Republican pork: GOP funds bushmen and blueberries

The huge omnibus spending bill that's passed the House and will be voted on in the Senate when it reconvenes in Washington is loaded with special gifts. Known in Washington as "earmarks," and known to the rest of us as pork, these gift items have escaped all notice and accountability. There were no hearings on them, and no competitive bidding for them. There's no reason for any of them except that members of Congress want to curry favor in order to get re-elected.

The pork in this one bill totals $23 billion. That's a new record. Pork-barrel spending has doubled in the last five years.

This year's gift items include $50 million for a four-and-a-half acre indoor rain forest in Coralville, Iowa, courtesy of Iowa's Republican Senator Charles Grassley. Then there's $1 million for the Anchorage Museum, courtesy of Alaska Republican Senator Ted Stevens. Republican Representative Jim Gibbins gets a quarter of a million dollars to repair a swimming pool in his hometown of Sparks, Nevada.

And on and on it goes: $200,000 to the University of Hawaii to produce a documentary on Kalahari Bushmen, $220,000 to the University of Maine to renovate a blueberry research center. Here's a good one: half a million dollars to the University of Akron for a program called "Exercises in Hard Choices," examining how Congress makes budget decisions.

All this would be bad enough if the federal government was flush with cash. But let me remind you: We're deep in the hole. The federal deficit is flowing red ink. This year's deficit alone will be over $400 billion. We're fighting a war against terrorism that's costing more than anyone ever imagined. Meanwhile, American farmers are getting billions in extra subsidies. There's a giant $1.7 trillion tax break, and a huge drug benefit just added to Medicare. And what about the tens of millions of baby boomers within eyesight of retirement? Where are we ever going to get the money to pay their Social Security and Medicare?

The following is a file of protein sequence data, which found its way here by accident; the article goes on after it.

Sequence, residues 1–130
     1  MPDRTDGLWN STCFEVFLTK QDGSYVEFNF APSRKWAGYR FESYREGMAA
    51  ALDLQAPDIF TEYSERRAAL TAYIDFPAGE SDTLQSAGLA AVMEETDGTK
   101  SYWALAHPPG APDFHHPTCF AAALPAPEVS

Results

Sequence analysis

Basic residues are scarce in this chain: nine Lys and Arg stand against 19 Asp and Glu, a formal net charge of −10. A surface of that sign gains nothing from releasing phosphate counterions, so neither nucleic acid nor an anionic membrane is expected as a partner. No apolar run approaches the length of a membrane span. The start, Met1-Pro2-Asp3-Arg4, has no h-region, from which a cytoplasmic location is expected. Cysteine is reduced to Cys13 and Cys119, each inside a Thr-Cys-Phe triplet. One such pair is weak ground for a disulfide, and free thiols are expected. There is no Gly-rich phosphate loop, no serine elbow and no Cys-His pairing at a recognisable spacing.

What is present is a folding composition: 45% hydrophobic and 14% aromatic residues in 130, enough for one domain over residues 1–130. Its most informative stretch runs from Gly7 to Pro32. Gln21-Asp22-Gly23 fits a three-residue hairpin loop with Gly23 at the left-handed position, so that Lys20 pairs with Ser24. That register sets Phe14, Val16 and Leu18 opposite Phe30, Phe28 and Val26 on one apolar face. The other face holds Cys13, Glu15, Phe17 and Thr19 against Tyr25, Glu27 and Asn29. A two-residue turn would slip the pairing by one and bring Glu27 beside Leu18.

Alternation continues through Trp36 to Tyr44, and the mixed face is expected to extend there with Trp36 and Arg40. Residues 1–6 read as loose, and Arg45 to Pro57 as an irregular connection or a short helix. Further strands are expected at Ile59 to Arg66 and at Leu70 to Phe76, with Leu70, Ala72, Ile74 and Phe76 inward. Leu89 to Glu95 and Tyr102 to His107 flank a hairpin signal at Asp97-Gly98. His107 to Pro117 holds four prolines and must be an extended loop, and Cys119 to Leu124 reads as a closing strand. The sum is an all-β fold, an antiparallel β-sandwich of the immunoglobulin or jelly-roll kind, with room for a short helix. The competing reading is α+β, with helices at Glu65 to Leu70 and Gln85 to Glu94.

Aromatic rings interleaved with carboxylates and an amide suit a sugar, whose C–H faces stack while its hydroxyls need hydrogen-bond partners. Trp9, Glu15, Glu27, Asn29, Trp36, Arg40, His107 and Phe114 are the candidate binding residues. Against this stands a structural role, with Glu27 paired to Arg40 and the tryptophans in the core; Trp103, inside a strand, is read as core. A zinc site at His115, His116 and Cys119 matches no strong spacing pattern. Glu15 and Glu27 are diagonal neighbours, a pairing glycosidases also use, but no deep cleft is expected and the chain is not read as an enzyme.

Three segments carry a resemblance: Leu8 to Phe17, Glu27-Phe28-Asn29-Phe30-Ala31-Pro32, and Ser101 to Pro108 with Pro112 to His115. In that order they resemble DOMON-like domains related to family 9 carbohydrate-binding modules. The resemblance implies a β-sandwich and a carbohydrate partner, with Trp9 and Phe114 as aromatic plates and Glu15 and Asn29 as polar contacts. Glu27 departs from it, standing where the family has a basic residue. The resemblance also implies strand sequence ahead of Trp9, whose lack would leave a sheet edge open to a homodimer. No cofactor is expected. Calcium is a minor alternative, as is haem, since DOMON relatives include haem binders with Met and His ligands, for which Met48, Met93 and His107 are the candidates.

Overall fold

Republicans are in control, folks. They used to preach fiscal conservatism. Now they've opened the flood gates. And on top of everything else, they're flooding the nation with pork.

At least if the President had a line-item veto, the buck would stop at the Oval Office. He'd have to explain why he had allowed $50 million for the Iowa rain forest, for example. But the Supreme Court, you may remember, rejected the line-item veto because they said it gave the president power that properly belonged with Congress.

Here's a better idea. When the spending bill comes to his desk, give the president power to highlight all this pork– call it a "pork budget," if you will– and then send the pork budget back to Congress and require both houses to vote up or down on it. This way, members would have to stand up and be counted. Are they for pork or against it?

The only problem with my idea: Congress would have to enact it.

Reich, former secretary of labor in the Clinton administration, is professor of social and economic policy at Brandeis and the author of Reason: Why Liberals Will Win the Battle for America, out in May from Knopf. This essay first appeared as a broadcast on NPR's Marketplace.